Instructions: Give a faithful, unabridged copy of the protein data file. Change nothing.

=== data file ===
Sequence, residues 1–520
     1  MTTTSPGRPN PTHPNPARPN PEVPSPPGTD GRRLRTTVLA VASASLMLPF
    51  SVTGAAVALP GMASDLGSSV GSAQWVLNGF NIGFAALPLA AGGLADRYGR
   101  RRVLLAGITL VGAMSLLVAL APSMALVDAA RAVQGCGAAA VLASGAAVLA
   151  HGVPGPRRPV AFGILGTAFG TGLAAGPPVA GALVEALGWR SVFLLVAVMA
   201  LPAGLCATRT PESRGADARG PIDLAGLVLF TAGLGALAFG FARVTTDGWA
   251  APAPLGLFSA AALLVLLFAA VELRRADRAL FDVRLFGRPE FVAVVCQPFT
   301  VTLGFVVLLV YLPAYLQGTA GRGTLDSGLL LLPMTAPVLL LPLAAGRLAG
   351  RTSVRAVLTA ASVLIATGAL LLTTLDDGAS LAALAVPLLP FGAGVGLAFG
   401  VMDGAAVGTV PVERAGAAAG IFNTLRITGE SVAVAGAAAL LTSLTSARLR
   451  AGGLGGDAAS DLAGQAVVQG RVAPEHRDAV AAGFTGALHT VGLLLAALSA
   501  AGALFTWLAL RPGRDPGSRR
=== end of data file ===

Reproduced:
Sequence, residues 1–520
     1  MTTTSPGRPN PTHPNPARPN PEVPSPPGTD GRRLRTTVLA VASASLMLPF
    51  SVTGAAVALP GMASDLGSSV GSAQWVLNGF NIGFAALPLA AGGLADRYGR
   101  RRVLLAGITL VGAMSLLVAL APSMALVDAA RAVQGCGAAA VLASGAAVLA
   151  HGVPGPRRPV AFGILGTAFG TGLAAGPPVA GALVEALGWR SVFLLVAVMA
   201  LPAGLCATRT PESRGADARG PIDLAGLVLF TAGLGALAFG FARVTTDGWA
   251  APAPLGLFSA AALLVLLFAA VELRRADRAL FDVRLFGRPE FVAVVCQPFT
   301  VTLGFVVLLV YLPAYLQGTA GRGTLDSGLL LLPMTAPVLL LPLAAGRLAG
   351  RTSVRAVLTA ASVLIATGAL LLTTLDDGAS LAALAVPLLP FGAGVGLAFG
   401  VMDGAAVGTV PVERAGAAAG IFNTLRITGE SVAVAGAAAL LTSLTSARLR
   451  AGGLGGDAAS DLAGQAVVQG RVAPEHRDAV AAGFTGALHT VGLLLAALSA
   501  AGALFTWLAL RPGRDPGSRR